In response to a Freedom of Information Act request from New York Times reporter Charlie Savage, the Privacy and Civil Liberties Oversight Board (PCLOB) has declassified its implementation report on Presidential Policy Directive 28: Signals Intelligence Activities (PPD-28). PPD-28 was signed by President Obama in January of 2014 and provides principles guiding “why, whether, when, and how the United States conducts signals intelligence activities.” The report was sent to Congress in early 2017.
Latest in Privacy and Civil Liberties Oversight Board (PCLOB)
The inquorate privacy watchdog may be back in action soon. If so, it should review the NSA’s call detail records program, Section 702, and the disparate impact of surveillance on minorities.
The White House’s announcement of the intended nominations of Travis LeBlanc and Aditya Bamzai to be members of the Privacy and Civil Liberties Oversight Board (PCLOB) paves the way for the board to be operational again.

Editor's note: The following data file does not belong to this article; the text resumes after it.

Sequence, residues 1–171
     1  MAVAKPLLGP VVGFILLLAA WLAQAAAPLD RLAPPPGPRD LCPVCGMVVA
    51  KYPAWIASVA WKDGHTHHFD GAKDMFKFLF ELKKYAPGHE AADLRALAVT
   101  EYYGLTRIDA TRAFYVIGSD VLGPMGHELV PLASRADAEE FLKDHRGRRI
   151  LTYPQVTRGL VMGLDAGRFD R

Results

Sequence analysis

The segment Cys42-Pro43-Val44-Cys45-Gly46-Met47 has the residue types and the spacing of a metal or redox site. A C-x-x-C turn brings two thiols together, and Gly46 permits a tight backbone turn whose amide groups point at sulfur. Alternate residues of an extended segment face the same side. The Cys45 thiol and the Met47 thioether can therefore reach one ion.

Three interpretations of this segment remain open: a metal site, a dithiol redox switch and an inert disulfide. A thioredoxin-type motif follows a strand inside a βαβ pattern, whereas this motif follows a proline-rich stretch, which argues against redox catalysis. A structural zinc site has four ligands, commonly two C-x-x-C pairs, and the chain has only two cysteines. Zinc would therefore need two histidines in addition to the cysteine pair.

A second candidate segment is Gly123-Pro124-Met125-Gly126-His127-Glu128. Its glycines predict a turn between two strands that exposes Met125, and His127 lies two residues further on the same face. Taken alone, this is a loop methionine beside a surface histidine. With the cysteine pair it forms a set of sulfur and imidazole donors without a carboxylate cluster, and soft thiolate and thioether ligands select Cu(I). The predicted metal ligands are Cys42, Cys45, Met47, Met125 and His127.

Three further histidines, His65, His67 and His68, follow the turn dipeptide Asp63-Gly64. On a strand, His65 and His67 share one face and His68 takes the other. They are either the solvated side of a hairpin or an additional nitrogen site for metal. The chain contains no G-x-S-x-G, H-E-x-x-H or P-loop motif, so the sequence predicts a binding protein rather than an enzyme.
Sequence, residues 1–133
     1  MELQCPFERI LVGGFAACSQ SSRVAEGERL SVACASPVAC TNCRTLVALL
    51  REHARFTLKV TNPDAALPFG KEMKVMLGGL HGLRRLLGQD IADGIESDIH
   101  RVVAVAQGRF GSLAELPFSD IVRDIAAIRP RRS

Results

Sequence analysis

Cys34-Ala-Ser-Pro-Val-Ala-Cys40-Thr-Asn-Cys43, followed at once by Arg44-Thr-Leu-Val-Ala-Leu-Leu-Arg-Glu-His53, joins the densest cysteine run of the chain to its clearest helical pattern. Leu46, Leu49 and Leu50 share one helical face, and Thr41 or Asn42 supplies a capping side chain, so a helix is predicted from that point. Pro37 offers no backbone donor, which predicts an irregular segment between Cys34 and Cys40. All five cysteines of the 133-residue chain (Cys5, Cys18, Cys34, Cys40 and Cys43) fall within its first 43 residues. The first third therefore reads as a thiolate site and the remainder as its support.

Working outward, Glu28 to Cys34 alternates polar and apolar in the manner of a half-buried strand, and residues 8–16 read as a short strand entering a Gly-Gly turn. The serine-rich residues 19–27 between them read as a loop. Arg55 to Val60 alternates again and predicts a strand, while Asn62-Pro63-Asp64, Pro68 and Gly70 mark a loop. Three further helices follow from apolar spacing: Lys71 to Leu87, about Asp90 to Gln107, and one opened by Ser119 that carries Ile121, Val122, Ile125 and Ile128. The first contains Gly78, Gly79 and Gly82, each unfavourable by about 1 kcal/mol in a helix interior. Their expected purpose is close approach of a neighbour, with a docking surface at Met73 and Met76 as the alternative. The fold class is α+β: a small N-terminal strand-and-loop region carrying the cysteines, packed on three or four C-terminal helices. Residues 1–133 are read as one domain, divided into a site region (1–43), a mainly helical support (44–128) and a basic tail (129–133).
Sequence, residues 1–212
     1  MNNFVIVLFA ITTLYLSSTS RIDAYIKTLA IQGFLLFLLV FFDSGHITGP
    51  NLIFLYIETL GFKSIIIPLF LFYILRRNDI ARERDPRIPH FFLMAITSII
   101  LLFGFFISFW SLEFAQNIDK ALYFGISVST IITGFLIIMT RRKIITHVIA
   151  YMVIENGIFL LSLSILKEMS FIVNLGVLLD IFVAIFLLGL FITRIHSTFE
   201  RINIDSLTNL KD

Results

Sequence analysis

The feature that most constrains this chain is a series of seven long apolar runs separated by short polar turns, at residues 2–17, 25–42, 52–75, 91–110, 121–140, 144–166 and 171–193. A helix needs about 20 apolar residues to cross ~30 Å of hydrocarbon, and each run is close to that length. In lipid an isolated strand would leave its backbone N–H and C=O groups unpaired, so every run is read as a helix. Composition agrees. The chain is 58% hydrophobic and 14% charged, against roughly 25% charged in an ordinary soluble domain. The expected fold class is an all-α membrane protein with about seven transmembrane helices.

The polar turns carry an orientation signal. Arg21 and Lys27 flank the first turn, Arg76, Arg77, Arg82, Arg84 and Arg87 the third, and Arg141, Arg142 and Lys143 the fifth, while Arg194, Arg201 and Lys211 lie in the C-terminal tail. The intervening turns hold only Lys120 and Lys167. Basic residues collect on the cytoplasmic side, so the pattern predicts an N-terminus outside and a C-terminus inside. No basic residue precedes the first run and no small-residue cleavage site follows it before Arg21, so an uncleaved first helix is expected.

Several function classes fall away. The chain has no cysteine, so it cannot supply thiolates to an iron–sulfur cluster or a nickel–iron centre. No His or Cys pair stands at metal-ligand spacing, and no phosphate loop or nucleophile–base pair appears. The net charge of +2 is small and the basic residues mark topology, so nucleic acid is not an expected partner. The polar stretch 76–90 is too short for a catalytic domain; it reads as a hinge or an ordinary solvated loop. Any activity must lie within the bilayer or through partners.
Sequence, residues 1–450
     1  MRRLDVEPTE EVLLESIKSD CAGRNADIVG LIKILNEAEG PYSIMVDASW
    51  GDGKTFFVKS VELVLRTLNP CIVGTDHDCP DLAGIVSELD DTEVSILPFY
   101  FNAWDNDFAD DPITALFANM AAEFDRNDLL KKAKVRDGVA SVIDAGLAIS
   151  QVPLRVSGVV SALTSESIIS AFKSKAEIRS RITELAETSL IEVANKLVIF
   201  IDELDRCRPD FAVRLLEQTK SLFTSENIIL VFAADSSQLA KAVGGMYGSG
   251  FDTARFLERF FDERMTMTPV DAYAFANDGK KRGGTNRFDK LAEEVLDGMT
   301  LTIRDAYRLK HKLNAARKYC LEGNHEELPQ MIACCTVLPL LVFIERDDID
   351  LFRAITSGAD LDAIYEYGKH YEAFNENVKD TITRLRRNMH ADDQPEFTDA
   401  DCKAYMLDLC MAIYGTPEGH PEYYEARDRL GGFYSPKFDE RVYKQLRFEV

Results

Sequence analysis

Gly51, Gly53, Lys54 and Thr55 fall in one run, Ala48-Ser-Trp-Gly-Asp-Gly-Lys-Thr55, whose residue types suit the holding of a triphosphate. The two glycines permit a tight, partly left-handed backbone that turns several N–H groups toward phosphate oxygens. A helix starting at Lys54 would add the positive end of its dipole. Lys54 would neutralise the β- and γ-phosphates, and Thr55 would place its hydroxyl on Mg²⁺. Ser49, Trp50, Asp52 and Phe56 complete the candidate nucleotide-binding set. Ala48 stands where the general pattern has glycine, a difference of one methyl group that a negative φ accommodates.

The White House announced two nominations Tuesday for positions on the Privacy and Civil Liberties Oversight Board (PCLOB). Pending confirmation, Jane Nitze and Ed Felten would join Adam Klein, whom the president nominated to chair the board in August.
The nomination of Adam Klein as chairman of the Privacy and Civil Liberties Oversight Board (PCLOB) is a welcome move by the president.
The president can potentially paralyze an agency by deliberately choosing not to nominate anyone in hopes of preventing the agency from functioning at full capacity or perhaps even from functioning at all.
With this week’s White House announcement of an intent to nominate additional leadership officials at the Department of Justice, one of whom is current Privacy and Civil Liberties Oversight Board (PCLOB) member Rachel Brand, the PCLOB is one step closer to conducting its business with a lone remaining member, Elisebeth Collins. Board members may not serve in separate U.S. government positions.
The Privacy and Civil Liberties Oversight Board will soon be unable to function. No matter what you think of privacy and intelligence oversight, that can't be a good thing.
Carrie Cordero, Alexander Joel, and Rachel Brand discuss how to achieve more transparency about secret intelligence programs.